John Houghton’s market-leading textbook is now in full color and includes the latest IPCC findings, making it the definitive guide to climate change. Written for students across a wide range of disciplines, its simple, logical flow of ideas gives an invaluable grounding in the science and impacts of climate change and highlights the need for action on global warming. Is there evidence for climate changing due to human activities? How do we account for recent extremes of weather and climate? Can global electricity provision and transport ever be carbon free? Written by a leading figure at the forefront of action to confront humanity’s most serious environmental problem, this undergraduate textbook comprehensively explores these and other issues, allowing students to think through the problem, assess the data and draw conclusions on the action that should be taken, by governments, by industry and by each and every one of us.
|Publisher:||Cambridge University Press|
|Edition description:||Older Edition|
|Product dimensions:||7.40(w) x 9.60(h) x 1.00(d)|
Table of Contents
Introduction to the first edition; Introduction to the second edition; Introduction to the third edition; Introduction to the fourth edition; 1. Global warming and climate change; 2. The Greenhouse effect; 3. The Greenhouse gases; 4. Climates of the past; 5. Modelling the climate; 6. Climate change for the twenty-first century and beyond; 7. The impacts of climate change; 8. Why should we be concerned?; 9. Weighing the uncertainty; 10. Strategy for action to slow and stabilize climate change; 11. Energy and transport for the future; 12. The Global Village; Glossary; Index.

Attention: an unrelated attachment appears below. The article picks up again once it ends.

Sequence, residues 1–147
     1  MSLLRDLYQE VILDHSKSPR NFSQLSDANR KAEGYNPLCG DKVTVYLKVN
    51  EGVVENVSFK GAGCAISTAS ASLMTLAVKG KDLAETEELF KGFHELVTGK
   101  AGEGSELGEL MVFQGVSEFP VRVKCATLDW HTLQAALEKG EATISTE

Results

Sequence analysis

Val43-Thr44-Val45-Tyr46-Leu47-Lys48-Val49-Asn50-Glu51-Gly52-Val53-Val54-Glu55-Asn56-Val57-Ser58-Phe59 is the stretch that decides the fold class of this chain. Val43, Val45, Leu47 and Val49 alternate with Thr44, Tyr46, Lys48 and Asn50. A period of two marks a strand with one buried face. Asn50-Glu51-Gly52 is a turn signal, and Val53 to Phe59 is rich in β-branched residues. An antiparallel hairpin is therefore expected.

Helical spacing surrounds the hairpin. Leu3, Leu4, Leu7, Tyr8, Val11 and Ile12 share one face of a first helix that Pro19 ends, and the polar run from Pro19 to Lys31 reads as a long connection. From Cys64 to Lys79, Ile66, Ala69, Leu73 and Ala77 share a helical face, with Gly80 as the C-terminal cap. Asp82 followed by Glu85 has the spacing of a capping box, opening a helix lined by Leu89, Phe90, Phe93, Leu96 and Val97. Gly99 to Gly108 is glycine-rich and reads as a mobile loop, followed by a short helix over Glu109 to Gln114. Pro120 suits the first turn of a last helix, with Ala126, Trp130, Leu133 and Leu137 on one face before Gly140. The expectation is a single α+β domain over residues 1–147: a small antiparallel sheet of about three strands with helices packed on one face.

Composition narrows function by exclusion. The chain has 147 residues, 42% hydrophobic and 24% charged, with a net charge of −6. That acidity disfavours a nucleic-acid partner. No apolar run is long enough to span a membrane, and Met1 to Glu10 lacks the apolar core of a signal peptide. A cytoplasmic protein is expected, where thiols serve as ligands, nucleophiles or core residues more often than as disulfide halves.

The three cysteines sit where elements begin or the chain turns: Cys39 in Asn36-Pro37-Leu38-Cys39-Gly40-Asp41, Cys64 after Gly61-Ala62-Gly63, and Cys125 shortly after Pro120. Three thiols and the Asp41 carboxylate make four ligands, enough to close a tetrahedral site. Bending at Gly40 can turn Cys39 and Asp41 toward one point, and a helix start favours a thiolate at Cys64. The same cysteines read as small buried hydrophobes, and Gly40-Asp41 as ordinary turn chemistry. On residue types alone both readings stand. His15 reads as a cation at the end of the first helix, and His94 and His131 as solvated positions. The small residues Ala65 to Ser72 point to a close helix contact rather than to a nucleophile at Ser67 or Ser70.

Most Helpful Customer Reviews
I've read several books on the subject and this is one of the best in my opinion. To a non-scientist the subject can be a bit overwhelming and this text is not without a comment or two that I just couldn't fully understand. But for the most part he presents a rational and complete overview of the subject and what needs to be done. Other authors I'm sure would say Houghton isn't going far enough in his recommendations for target CO2 emissions but he is trying to be realistic in what a world truly addicted to fossil fuels is likely to do and how soon.